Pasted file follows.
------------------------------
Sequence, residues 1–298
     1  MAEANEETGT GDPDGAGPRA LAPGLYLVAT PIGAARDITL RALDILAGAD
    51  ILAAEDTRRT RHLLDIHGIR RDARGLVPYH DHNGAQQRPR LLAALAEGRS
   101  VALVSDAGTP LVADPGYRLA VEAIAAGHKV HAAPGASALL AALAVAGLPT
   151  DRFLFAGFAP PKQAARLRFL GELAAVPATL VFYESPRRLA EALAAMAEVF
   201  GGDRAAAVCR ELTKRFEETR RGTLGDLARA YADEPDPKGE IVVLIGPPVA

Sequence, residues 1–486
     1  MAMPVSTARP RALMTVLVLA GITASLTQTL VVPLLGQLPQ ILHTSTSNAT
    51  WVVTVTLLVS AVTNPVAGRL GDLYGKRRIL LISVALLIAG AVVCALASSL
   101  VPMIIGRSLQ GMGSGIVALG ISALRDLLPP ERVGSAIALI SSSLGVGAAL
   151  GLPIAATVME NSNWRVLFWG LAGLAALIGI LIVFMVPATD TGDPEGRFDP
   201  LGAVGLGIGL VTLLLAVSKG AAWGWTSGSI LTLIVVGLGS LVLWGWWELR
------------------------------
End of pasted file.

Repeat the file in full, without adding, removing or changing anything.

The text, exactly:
Sequence, residues 1–298
     1  MAEANEETGT GDPDGAGPRA LAPGLYLVAT PIGAARDITL RALDILAGAD
    51  ILAAEDTRRT RHLLDIHGIR RDARGLVPYH DHNGAQQRPR LLAALAEGRS
   101  VALVSDAGTP LVADPGYRLA VEAIAAGHKV HAAPGASALL AALAVAGLPT
   151  DRFLFAGFAP PKQAARLRFL GELAAVPATL VFYESPRRLA EALAAMAEVF
   201  GGDRAAAVCR ELTKRFEETR RGTLGDLARA YADEPDPKGE IVVLIGPPVA

Sequence, residues 1–486
     1  MAMPVSTARP RALMTVLVLA GITASLTQTL VVPLLGQLPQ ILHTSTSNAT
    51  WVVTVTLLVS AVTNPVAGRL GDLYGKRRIL LISVALLIAG AVVCALASSL
   101  VPMIIGRSLQ GMGSGIVALG ISALRDLLPP ERVGSAIALI SSSLGVGAAL
   151  GLPIAATVME NSNWRVLFWG LAGLAALIGI LIVFMVPATD TGDPEGRFDP
   201  LGAVGLGIGL VTLLLAVSKG AAWGWTSGSI LTLIVVGLGS LVLWGWWELR